Do You Know What a Forced Liquidation Can Do to the Value of Your Business?
If liquidation is forced on a disabled business owner or on the executor of a deceased business owner, it can quickly become public knowledge that there is pressure to dispose of the business, and these results can be anticipated:
- Sale of business assets at greatly reduced prices.
- Elimination of the disabled business owner’s or surviving family’s primary source of income.
- Sacrifice of any goodwill value that might have facilitated sale of the business as a going concern.
- Difficulty in collecting accounts receivable.
- Immediate demand by creditors for settlement of their claims.
- Possible liquidation of other estate assets to pay business debts.
The liquidation value of a business is unpredictable and may be substantially less than the value of the business as a going concern.
The Alternative… A Planned Liquidation:
In some situations, the liquidation of a business interest at an owner’s death or disability may not be just an appropriate decision. It may, in fact, be the only possible outcome under either of these circumstances:
- The success of the business is completely dependent on the personal skill and experience of the owner.
- There is no successor management in the form of a capable family member, a co-owner, a key employee interested in purchasing the business or an outside buyer.
|In these circumstances, the question then becomes:
Will the liquidation take place on a forced basis, or will it be planned in advance to allow for the most advantageous disposition possible?
When liquidation of the business at an owner’s death or disability is the only viable alternative, the primary objective should be to plan in advance for an orderly liquidation that results in the greatest possible value for the disabled owner or surviving family. Please contact our office if we can help.
To view the complete NFS Business Briefs Newsletter for June 2012, click here.
Filing a past due return may not be as difficult as you think.
Taxpayers should file all tax returns that are due, regardless of whether full payment can be made with the return. Depending on an individual’s circumstances, a taxpayer filing late may qualify for a payment plan. It is important, however, to know that full payment of taxes upfront saves you money.
Here’s What to Do When Your Return Is Late
Gather Past Due Return Information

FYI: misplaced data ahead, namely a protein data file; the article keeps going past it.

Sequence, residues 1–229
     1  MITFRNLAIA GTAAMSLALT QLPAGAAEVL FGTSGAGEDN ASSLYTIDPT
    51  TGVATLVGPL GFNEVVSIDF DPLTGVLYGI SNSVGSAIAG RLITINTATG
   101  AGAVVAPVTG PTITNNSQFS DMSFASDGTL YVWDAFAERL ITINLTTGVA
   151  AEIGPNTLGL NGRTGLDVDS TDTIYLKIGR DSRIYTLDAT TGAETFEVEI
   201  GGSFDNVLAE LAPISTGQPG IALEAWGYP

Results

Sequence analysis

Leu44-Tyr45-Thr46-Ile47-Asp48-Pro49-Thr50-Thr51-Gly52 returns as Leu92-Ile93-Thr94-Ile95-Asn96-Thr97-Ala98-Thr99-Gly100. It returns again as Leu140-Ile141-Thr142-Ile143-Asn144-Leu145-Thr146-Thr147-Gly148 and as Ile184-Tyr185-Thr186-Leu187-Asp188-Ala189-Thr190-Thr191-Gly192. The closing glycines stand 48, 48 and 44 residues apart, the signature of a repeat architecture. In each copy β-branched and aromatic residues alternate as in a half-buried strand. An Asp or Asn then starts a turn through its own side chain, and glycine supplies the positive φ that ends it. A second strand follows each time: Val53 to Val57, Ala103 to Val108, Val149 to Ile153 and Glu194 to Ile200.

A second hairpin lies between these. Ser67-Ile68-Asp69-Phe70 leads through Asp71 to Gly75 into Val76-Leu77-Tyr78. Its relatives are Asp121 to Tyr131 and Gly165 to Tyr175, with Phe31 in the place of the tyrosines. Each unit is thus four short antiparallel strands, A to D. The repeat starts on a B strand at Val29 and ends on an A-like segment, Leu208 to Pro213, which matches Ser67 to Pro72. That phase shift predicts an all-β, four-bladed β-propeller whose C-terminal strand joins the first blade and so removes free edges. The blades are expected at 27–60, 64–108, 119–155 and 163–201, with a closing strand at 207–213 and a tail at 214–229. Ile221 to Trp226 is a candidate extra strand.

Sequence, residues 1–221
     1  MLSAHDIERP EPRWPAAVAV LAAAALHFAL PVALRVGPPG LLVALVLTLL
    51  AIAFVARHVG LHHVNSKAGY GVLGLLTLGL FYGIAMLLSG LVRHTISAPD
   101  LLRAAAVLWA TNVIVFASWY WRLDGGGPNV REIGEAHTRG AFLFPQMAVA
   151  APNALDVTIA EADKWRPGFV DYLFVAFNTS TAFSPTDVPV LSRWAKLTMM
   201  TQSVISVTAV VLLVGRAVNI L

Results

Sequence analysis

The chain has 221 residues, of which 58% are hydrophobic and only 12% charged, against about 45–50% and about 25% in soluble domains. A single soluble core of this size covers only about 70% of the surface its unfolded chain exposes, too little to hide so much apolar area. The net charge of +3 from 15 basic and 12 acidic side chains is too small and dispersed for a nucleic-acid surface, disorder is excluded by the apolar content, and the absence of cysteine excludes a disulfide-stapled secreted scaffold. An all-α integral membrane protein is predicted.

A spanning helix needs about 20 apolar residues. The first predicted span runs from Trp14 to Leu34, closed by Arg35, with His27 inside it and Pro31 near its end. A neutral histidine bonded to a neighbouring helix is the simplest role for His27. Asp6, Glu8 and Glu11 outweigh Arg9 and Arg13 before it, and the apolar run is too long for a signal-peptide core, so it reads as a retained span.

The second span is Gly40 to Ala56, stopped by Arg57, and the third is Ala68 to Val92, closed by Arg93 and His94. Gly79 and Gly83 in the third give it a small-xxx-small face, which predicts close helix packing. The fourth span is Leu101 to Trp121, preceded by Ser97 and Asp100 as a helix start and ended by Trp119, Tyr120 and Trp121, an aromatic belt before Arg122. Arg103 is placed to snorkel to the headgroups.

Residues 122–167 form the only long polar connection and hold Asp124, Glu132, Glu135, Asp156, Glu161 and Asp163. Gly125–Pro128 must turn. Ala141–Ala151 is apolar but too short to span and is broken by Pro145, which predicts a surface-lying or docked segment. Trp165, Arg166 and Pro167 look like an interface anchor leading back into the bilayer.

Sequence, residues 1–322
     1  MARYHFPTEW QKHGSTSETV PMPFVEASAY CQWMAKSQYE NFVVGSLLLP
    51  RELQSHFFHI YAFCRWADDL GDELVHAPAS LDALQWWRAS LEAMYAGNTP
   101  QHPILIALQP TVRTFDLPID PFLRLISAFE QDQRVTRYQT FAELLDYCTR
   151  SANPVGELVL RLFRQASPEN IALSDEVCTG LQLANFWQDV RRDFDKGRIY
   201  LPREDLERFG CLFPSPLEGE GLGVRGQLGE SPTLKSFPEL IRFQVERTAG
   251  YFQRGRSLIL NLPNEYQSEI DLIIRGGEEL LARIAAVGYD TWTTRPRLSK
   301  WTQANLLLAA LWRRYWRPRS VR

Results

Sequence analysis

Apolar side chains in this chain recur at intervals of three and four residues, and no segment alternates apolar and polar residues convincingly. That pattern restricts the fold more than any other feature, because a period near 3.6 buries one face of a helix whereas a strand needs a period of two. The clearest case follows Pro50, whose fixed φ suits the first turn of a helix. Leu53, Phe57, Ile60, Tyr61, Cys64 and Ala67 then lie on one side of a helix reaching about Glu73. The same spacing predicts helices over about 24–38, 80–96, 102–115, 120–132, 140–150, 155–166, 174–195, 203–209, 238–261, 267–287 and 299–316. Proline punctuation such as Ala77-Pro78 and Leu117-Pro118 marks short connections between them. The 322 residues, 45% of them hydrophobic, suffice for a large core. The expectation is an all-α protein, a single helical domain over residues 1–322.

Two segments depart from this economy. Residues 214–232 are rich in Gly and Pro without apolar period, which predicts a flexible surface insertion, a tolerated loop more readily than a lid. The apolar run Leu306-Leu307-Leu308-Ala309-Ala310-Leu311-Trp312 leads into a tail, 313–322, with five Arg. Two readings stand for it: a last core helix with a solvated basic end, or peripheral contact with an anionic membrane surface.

Gather return information and come see us. You should bring any and all information related to income and deductions for the tax years for which a return is required to be filed.
Payment Options – Ways to Make a Payment
There are several different ways to make a payment on your taxes. Payments can be made by credit card, electronic funds transfer, check, money order, cashier’s check, or cash.
Payment Options – For Those Who Can’t Pay in Full
Taxpayers unable to pay all taxes due on the bill are encouraged to pay as much as possible. By paying as much as possible now, the amount of interest and penalties owed will be lessened. Based on the circumstances, a taxpayer could qualify for an extension of time to pay, an installment agreement, a temporary delay, or an offer in compromise.
Taxpayers who need more time to pay can set up either a short-term payment extension or a monthly payment plan.
- A short-term extension gives a taxpayer up to 120 days to pay. No fee is charged, but the late-payment penalty plus interest will apply.
- A monthly payment plan or installment agreement gives a taxpayer more time to pay. However, penalties and interest will continue to be charged on the unpaid portion of the debt throughout the duration of the installment agreement/payment plan. In terms of how to pay your tax bill, it is important to review all your options; the interest rate on a loan or credit card may be lower than the combination of penalties and interest imposed by the Internal Revenue Code. You should pay as much as possible before entering into an installment agreement.
- A user fee will also be charged if the installment agreement is approved. The fee, normally $105, is reduced to $52 if taxpayers agree to make their monthly payments electronically through electronic funds withdrawal. The fee is $43 for eligible low-and-moderate-income taxpayers.
What Will Happen If You Don’t File Your Past Due Return or Contact the IRS
It’s important to understand the ramifications of not filing a past due return and the steps that the IRS will take. Taxpayers who continue to not file a required return and fail to respond to IRS requests for a return may be considered for a variety of enforcement actions.
If you haven’t filed a tax return yet, please contact us. We’re here to help!